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What’s the right age to start BJJ?

Here’s an interesting paradox about Brazilian Jiu-Jitsu. The self-defense system is complicated enough that it takes decades to master, but simple enough that it can be practiced by almost anyone at almost any age. 

“When is the right age to start training BJJ?” That’s a question we field a lot here at Gracie Botany, a Jiu-Jitsu academy in Sydney’s eastern suburbs. In most instances it’s asked by a parent wondering when their child can get on the mats. Other times it’s people in their 30s, 40s or 50s wondering whether it’s too late to start training.

The best time to start training is now! Generally speaking, Jiu-Jitsu is a martial art appropriate for anyone 5 years and up. 

There are instances where kids as young as 4 or even 3 have developed enough coordination and social comfort to start learning. And there are examples of people beginning their BJJ journey in their 50s and even 60s. BJJ founder Helio Gracie trained well into his 90s! In short, Jiu-Jitsu is for basically everyone. 

If you’re interested in BJJ classes, come into Gracie Botany for a free trial class.

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What is BJJ again?

You may only have a vague idea of what Brazilian Jiu-Jitsu is – there are a lot of different martial arts out there to keep track of, and it can be hard for observers to distinguish them. BJJ is a martial art based on grappling. There are no punches or kicks, or striking of any kind. That makes it much different to martial arts like Karate, Muay Thai and Taekwondo, all of which focus entirely on strikes.

Jiu-Jitsu is not the only martial art that revolves around grappling. Wrestling and Judo are also all grappling, no striking. In fact, to make things even more complicated, BJJ actually got started as a modified form of Judo. 

Judo is all about taking your opponent from a standing position to the floor. Once you trip or slam them to the ground, you win. Similarly, wrestling is about pinning your opponent’s shoulders to the mats. Once that’s achieved, the match is over. Jiu-Jitsu only ends when there’s a submission hold applied and, crucially, these submission holds can be executed from your back.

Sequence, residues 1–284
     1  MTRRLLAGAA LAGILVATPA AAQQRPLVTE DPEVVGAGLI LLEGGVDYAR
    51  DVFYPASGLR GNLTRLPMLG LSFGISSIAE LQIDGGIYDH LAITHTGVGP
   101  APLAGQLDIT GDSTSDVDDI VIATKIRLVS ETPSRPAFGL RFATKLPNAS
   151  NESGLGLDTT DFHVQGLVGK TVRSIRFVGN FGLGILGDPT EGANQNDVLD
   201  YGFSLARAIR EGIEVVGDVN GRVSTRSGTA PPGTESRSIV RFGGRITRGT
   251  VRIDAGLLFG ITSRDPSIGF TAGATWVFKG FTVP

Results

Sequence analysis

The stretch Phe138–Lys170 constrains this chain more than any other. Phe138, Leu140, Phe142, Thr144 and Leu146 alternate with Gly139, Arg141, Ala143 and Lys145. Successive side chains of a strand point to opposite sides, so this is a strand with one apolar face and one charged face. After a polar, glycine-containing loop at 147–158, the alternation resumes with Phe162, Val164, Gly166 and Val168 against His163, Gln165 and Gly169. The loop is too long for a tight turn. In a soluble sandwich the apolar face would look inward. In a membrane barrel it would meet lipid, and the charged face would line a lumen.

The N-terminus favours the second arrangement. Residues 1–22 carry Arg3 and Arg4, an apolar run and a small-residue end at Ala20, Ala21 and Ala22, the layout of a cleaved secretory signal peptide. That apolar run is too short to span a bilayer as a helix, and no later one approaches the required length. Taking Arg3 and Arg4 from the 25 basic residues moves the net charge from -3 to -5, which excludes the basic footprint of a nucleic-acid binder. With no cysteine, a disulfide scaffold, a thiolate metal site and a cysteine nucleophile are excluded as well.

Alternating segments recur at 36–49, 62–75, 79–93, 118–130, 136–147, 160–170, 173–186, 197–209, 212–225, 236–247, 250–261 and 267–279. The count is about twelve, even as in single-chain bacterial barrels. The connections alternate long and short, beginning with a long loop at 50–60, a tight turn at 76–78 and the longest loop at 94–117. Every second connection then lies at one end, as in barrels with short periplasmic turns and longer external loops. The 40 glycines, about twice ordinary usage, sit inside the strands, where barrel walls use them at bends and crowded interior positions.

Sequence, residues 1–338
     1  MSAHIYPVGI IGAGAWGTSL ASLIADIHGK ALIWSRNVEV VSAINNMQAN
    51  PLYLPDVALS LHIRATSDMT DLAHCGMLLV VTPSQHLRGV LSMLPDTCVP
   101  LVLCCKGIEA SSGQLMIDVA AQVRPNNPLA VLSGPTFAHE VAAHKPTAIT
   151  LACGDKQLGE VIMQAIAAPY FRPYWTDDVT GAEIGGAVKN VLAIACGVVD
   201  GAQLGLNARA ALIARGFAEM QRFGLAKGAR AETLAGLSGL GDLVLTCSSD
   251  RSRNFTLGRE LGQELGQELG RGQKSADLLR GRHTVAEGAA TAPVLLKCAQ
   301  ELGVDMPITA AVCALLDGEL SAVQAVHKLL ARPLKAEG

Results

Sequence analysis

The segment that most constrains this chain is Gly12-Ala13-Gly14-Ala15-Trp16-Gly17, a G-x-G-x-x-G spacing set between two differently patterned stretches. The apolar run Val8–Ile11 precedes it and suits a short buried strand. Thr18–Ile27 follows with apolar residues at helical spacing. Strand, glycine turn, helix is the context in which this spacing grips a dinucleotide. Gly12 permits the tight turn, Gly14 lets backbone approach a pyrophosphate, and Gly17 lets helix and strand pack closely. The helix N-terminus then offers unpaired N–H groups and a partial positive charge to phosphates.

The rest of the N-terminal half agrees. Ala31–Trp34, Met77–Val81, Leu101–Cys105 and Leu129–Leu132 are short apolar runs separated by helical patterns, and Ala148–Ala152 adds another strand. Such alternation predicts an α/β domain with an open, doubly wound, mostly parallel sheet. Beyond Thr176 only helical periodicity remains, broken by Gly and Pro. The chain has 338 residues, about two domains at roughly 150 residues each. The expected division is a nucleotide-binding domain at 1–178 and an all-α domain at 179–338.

Brazilian Jiu-Jitsu is a surprisingly safe martial art to train. Two major risk factors with martial arts training come from getting hit hard, or being slammed to the ground. Since Jiu-Jitsu has no strikes and occurs mostly on the ground, these two risk factors are almost entirely eliminated. 

How old is old enough?

Kids as young as 3 can train Brazilian Jiu-Jitsu, though we think 5 is generally the right age to get children on the mats. BJJ is also a terrific activity for teenagers to get into. At Gracie Botany, we separate kids classes into three groups: small kids (tots), big kids and teens. We run these classes every week day. 

Training young children focuses less on BJJ technique and focuses more on fun games and drills that teaches the kids movements that are crucial to Jiu-Jitsu success. Children who grow up doing these movements get a huge advantage when they’re training later in life. 

As kids get older, we get into more technical training. This involves a lot of defensive techniques which focus on how to escape bad positions – BJJ is first and foremost self-defense. It also gets the kids learning how to assume a dominant position and apply some submission holds. Teen training is very similar to the classes we have our adults doing.

Safety is our number one priority at Gracie Botany. While we do have curriculums setup for different age brackets, we always make sure that the students on the mats feel comfortable and safe. 

Am I too old?

Starting Jiu-Jitsu at a young age is a gift. Ask anyone who started as a full-grown adult and they’ll say they wish they started 10 years earlier. But just because starting earlier is better doesn’t mean there’s anything wrong with starting late!

Many people begin grappling in their 40s, 50s and even 60s. Anthony Bordain is a famous example: He started rolling at the age of 57. Mature-age students need to be conscious of any old injuries or ailments which may flare up, but most of these can be worked around. 

The explanation above on Jiu-Jitsu’s safety applies to adults as much as it does to kids. No slamming and no striking means BJJ is a safe martial art to try in your later years. Your biggest obstacle is likely to be physical exhaustion – but that just means you’re getting a great workout! 

As long as you do elementary things like warm up, warm down and get enough rest, you’ll have plenty of grappling miles in you yet.

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